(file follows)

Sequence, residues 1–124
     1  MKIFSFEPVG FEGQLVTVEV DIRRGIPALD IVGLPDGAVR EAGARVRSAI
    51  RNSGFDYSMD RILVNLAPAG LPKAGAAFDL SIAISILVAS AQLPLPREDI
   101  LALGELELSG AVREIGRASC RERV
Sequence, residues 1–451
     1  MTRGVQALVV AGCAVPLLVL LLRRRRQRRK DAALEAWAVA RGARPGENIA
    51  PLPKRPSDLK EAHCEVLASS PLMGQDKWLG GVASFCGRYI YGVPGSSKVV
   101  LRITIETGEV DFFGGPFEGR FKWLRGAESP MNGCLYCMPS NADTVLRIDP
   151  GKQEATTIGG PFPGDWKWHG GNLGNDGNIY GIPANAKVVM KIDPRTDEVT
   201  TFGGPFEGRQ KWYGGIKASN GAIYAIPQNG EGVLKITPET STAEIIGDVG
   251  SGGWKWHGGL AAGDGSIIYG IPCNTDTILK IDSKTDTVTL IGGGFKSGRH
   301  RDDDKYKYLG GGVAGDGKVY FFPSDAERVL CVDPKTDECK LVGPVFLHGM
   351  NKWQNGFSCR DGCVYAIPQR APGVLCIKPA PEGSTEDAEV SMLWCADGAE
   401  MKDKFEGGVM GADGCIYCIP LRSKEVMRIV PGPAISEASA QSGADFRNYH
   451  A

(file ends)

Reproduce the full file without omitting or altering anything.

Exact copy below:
Sequence, residues 1–124
     1  MKIFSFEPVG FEGQLVTVEV DIRRGIPALD IVGLPDGAVR EAGARVRSAI
    51  RNSGFDYSMD RILVNLAPAG LPKAGAAFDL SIAISILVAS AQLPLPREDI
   101  LALGELELSG AVREIGRASC RERV
Sequence, residues 1–451
     1  MTRGVQALVV AGCAVPLLVL LLRRRRQRRK DAALEAWAVA RGARPGENIA
    51  PLPKRPSDLK EAHCEVLASS PLMGQDKWLG GVASFCGRYI YGVPGSSKVV
   101  LRITIETGEV DFFGGPFEGR FKWLRGAESP MNGCLYCMPS NADTVLRIDP
   151  GKQEATTIGG PFPGDWKWHG GNLGNDGNIY GIPANAKVVM KIDPRTDEVT
   201  TFGGPFEGRQ KWYGGIKASN GAIYAIPQNG EGVLKITPET STAEIIGDVG
   251  SGGWKWHGGL AAGDGSIIYG IPCNTDTILK IDSKTDTVTL IGGGFKSGRH
   301  RDDDKYKYLG GGVAGDGKVY FFPSDAERVL CVDPKTDECK LVGPVFLHGM
   351  NKWQNGFSCR DGCVYAIPQR APGVLCIKPA PEGSTEDAEV SMLWCADGAE
   401  MKDKFEGGVM GADGCIYCIP LRSKEVMRIV PGPAISEASA QSGADFRNYH
   451  A